Politics

How Election Recounts Like Florida’s and Georgia’s Work

In 2004, Republican Dino Rossi took an initial lead in the Washington state governor’s race. Then there was a machine recount and Rossi won that, too. Then there was a hand recount, and that placed Democrat Christine Gregoire in the lead—by 129 votes out of nearly 3 million cast. She would go on to serve two terms. (Rossi lost a race for U.S. House this month, his fourth in a string of losses that began in 2004.)

“It was one of the worst times in my professional life,” Gregoire told me. “As a candidate, you think to yourself, ‘Really, I couldn’t have shaken that many more hands?’ You blame yourself. You have regret. My heart goes out to folks in that now.”

Imagine footage you’ve surely seen of Olympic sprinters running so hard that they careen face-forward and fall on the track just after crossing the finish line. A political campaign is a bit like that. From the candidate on down, team members know they just have to make it to Election Day, putting all their energy into the battle before finally getting a chance to catch their breath on Wednesday. Now, imagine that after having finished a 100-meter race, and giving it his all, a runner learns that he has to run another 500 meters—only faster. That’s kind of what it’s like to have a recount.

“A candidate has this mindset: They work so hard all this time, but at least they know they’re going to get a decision that night or the next day. Win or lose, they’ll get a decision and it will be over,” Gregoire says. “When that doesn’t happen, you have no idea how much of a jolt it will be.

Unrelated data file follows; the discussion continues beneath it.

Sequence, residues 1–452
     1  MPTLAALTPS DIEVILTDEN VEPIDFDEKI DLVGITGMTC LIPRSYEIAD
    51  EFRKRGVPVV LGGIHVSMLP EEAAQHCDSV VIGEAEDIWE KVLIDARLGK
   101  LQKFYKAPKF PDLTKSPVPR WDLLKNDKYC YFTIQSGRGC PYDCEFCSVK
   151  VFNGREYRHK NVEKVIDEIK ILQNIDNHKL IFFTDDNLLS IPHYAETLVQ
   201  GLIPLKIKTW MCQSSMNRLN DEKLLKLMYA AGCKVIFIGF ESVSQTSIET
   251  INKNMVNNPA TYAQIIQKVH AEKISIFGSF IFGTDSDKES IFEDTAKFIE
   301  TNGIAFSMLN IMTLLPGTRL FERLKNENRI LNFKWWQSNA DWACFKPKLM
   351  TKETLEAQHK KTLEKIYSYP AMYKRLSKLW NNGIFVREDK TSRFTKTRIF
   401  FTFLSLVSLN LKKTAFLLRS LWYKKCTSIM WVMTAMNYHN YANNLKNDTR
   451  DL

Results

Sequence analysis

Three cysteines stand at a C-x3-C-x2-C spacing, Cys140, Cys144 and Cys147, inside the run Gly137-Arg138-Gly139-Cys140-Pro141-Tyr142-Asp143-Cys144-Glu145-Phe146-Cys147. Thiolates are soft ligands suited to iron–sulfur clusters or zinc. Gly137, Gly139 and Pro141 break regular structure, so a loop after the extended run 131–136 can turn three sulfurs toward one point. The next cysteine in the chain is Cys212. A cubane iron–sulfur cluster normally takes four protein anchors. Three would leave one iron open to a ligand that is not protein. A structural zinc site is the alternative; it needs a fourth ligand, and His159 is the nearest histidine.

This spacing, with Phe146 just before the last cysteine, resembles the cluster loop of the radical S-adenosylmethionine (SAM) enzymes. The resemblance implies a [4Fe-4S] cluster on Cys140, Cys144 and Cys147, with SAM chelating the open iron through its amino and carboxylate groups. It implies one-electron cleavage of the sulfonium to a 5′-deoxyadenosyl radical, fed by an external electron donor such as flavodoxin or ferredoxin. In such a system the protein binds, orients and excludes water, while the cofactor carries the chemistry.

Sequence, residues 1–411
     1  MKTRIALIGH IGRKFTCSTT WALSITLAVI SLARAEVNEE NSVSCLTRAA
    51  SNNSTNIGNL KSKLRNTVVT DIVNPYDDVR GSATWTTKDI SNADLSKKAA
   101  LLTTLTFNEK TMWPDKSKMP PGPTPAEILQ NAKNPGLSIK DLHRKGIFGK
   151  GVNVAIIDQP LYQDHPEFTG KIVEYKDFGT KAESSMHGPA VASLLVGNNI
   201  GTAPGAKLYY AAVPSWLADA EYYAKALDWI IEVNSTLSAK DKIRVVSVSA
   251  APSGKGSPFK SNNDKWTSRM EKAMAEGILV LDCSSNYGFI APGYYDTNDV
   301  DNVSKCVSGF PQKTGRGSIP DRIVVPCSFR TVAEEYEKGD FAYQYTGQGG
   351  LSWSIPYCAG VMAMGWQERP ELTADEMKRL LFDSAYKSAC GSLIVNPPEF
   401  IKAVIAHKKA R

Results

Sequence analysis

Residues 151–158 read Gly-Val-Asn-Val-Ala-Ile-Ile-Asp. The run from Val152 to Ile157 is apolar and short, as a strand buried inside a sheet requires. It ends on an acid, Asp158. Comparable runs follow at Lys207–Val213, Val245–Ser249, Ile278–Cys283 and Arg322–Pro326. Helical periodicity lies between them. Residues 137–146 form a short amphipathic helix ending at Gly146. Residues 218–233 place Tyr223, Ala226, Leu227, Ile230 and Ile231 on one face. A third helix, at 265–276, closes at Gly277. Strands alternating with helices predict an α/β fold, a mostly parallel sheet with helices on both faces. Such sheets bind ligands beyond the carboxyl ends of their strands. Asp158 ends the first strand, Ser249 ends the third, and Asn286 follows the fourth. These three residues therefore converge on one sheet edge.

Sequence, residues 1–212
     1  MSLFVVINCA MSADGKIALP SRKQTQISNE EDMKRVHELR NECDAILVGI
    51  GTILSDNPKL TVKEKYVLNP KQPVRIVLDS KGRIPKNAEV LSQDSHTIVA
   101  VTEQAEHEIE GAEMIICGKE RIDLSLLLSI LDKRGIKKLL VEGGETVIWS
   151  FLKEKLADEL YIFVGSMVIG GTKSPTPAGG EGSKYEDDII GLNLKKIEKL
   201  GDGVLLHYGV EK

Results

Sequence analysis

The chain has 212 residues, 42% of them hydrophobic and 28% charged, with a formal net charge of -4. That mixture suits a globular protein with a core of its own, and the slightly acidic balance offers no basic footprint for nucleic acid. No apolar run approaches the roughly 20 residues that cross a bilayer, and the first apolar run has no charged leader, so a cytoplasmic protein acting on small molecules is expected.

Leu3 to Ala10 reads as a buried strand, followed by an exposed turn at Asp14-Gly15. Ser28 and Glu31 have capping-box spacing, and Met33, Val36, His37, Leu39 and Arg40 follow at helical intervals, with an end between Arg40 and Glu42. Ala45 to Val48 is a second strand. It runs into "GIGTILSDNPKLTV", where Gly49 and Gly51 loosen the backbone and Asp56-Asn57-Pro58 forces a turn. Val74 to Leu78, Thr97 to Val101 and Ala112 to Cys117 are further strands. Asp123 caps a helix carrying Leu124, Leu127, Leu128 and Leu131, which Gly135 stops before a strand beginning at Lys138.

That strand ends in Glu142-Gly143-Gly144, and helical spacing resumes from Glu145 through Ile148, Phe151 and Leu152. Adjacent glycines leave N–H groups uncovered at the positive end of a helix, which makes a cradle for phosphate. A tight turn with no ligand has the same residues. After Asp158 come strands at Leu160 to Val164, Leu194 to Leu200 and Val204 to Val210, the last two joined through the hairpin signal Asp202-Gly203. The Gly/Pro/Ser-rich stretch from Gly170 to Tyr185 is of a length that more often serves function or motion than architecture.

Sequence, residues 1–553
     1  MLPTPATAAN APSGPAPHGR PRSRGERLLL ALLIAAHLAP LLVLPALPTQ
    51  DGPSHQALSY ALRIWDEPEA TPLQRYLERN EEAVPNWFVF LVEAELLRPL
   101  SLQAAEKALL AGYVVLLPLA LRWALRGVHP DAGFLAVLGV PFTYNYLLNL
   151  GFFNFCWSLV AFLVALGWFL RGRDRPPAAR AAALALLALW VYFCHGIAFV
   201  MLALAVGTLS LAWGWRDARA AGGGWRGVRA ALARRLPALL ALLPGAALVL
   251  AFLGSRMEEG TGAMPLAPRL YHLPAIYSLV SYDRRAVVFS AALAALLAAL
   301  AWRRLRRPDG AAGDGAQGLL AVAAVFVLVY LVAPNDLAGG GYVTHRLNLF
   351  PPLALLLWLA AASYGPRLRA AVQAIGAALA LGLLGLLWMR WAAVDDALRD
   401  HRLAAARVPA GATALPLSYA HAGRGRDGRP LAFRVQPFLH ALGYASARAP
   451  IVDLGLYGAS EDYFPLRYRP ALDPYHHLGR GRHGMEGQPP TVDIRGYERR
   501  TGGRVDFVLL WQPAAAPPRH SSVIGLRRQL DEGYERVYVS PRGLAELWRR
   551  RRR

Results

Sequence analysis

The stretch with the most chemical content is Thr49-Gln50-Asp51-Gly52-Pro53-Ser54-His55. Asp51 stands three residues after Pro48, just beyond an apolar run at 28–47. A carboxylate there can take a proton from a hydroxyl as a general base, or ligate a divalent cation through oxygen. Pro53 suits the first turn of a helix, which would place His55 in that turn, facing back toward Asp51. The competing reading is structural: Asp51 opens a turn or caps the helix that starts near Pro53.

Not only do you not get a decision—you don’t know when you’ll get a decision.”

Gregoire’s campaign didn’t have a plan for a recount in place, so she immediately had to begin figuring out what the law was and how things worked. Stephanie Schriock at least had a little bit of head start.

Four years after Gregoire’s win, Republican U.S. Senator Norm Coleman of Minnesota seemed to have survived a challenge from Al Franken and even declared victory. But in the end it was the Democrat who triumphed, though it took months for him to claim his seat. Franken won by less than 250 votes.

Schriock, who is now the president of EMILY’s List, managed Franken’s campaign. Two years before, she’d led Jon Tester’s extremely close U.S. Senate campaign in Montana. Ahead of that election, she assigned a lawyer to read up on the recount laws and put them in terms a non-lawyer could understand.

“On Election Night, I said, ‘Break the glass, we need the documents!’” she says. “I spent Election Night reading that memo. I did not make that mistake in Minnesota. We also knew we were very close going in.”

Because of her experience on the Tester campaign, she’d even been asked by the Democratic Senatorial Campaign Committee to train other campaign managers ahead of the 2008 election. That came in handy when she found the Franken-Coleman race headed toward a recount, but it didn’t really prepare her for the fight ahead.


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